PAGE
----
Water Action

Take action for your river – at home, in your community, and at the Capitol


Turning toward the river

People floating on the Willamette River
Getting in the water is just as important as walking the halls of the Capitol. We're tabling at The Big Float 8! Come out and tell us why clean water and healthy watersheds are important to you.

Read More


How will you shape our water future?

It will take commitment from Oregonians across the state to preserve the water we depend on. Add your voice to Oregon's World Water Day campaign today.

Read More


Protecting clean water at home

Backyard Garden
The choices you make in your yard can make a big difference to the health of local streams, wildlife and our drinking water. Before you think about spraying weed killer or reseeding your lawn this fall, consider these tips for a low-maintenance landscape.

Read More


Tiny Plants with a Toxic Punch

Summer is here and it's time to jump in the water - but wait - what's that pea-green scum floating on the surface? A harmful algae bloom.

Read More


Graywater Gardens + Smarter Water Use

Almost half the people on our planet do not have water piped into their homes. They have to go find their daily supply and carry it back for drinking, washing and bathing. If Oregonians had to do that, we might find ways to use a lot less than our current average 52 gallons (416 pounds!) per day.As it stands, our city water systems do a great job of delivering a seemingly abundant supply of water to our faucets and showerheads. But, guess what? In parts of Oregon, wells and streams are going dry, and people have been promised more water than nature can provide. Even in ...

Read More


How does salt affect our rivers? Eco alternatives for winter ice

Parts of Oregon are celebrating and others are cursing the unusual onslaught of snow across the state this winter. The deeper snow pack could mean more ...

Read More


Greywater: The Secret to Gardening During Drought

Guest Article by Molly DanielssonIt’s gardening season, time to water home-grown cucumbers and melons. Despite a cool July, much of Oregon is experiencing drought. Several streams are approaching record lows for this time of year. What’s a conscientious gardener to do? Rain barrels can collect rainwater from roofs for the garden (and EMSWCD can help hook you up), but here in Oregon rain is often lacking when we need it the most.Luckily there’s already a consistent source of water available in your house: greywater. Greywater is the used water from sinks, ...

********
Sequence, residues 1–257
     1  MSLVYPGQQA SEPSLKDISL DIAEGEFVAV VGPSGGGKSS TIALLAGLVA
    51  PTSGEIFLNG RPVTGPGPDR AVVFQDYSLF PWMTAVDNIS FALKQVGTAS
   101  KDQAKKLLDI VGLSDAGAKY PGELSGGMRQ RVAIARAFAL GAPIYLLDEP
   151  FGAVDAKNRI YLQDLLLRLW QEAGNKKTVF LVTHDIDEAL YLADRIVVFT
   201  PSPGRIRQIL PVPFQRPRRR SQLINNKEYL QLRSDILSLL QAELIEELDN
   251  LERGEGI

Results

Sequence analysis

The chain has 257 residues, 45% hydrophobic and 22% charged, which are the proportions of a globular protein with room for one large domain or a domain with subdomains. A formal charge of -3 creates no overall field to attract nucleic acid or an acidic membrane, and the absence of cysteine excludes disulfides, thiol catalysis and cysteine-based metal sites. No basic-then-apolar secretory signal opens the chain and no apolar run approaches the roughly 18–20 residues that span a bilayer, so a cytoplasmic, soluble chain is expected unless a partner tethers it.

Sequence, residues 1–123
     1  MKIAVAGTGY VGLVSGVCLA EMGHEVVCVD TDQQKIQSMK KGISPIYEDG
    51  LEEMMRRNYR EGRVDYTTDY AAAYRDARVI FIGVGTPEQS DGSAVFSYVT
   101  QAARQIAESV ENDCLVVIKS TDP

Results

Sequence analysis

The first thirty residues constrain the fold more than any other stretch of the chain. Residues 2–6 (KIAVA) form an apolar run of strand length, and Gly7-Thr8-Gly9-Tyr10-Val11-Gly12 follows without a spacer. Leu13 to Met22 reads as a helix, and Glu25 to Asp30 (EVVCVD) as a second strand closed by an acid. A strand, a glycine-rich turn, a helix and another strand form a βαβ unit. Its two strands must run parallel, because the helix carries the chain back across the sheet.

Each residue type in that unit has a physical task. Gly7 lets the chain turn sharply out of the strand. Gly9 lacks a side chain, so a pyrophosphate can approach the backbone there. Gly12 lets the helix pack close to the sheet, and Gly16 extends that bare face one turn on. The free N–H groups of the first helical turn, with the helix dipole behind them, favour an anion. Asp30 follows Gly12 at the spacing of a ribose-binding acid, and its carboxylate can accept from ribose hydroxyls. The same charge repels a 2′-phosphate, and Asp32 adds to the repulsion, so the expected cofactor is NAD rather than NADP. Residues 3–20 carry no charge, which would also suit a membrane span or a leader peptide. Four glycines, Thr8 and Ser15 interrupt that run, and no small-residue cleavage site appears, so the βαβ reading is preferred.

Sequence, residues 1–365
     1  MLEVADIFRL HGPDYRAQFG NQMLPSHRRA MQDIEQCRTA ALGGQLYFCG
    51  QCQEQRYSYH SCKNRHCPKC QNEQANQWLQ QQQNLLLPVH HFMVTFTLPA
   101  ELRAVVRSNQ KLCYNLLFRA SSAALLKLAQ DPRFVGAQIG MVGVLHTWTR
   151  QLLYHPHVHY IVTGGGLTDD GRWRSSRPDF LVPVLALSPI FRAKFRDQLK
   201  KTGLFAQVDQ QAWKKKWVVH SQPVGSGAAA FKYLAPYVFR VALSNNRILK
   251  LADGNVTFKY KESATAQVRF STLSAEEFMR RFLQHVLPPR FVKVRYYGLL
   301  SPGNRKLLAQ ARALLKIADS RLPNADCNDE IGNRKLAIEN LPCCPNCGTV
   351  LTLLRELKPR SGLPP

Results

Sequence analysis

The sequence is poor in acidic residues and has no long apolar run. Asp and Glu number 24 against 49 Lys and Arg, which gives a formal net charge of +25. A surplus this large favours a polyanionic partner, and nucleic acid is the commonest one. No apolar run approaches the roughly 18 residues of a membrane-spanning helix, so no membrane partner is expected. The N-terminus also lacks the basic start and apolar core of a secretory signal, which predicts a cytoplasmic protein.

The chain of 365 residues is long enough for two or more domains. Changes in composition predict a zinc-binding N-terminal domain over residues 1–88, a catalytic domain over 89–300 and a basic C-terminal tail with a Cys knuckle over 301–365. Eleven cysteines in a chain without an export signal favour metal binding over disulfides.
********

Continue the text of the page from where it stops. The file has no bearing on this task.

Read More


Harmful algae: Creature from the blecch lagoon

It’s swimming hole, river float and dog beach season! Do you know how to spot algae that can make you sick and can be deadly to dogs?The creature from the blecch lagoon is not very big—but it’s ugly and scary. You’ll know the monster by its foamy, scummy or thick appearance on the surface of water, turning the water pea-green or brown-green. It's a harmful algae bloom.There have been a couple of documented sightings in Oregon already in the summer of 2016. But just because nobody has reported the algae doesn’t mean the scum you see in the water is ...

Read More


Weird ways to save water in Oregon

It's shaping up to be a dry one out there, and it is leading to some weirdness: kitten abundance, succulent swiping and...Bigfoot?  Treating water as precious is always a good idea, but in a year when Oregon has 90% less snow pack to refresh our rivers, it's time to get creative about saving.If you're already using low-flow everything, consider this:Most Americans use 70 gallons of water a day. The average Gambian uses about 1 gallon a day. We'd all be better off if we each stuck closer to 13 gallons a day. (Pacific Institute) Test yourself: How many of ...

Read More


Reduce your Runoff with a Rain Garden

Homeowners can reduce their own contribution to urban runoff by installing a rain garden or rain barrel. A rain garden is a shallow, landscaped depression where you can direct runoff from your roof, driveway and other hard surfaces on your property, allowing water to soak into the ground naturally rather than running off into storm drains. Rain gardens can be both a visual pleasure and a boon the environment, when planted with beautiful, hardy, low-maintenance and drought tolerant plants. Rain gardens also provide a natural home and food for birds, butterflies and ...

Read More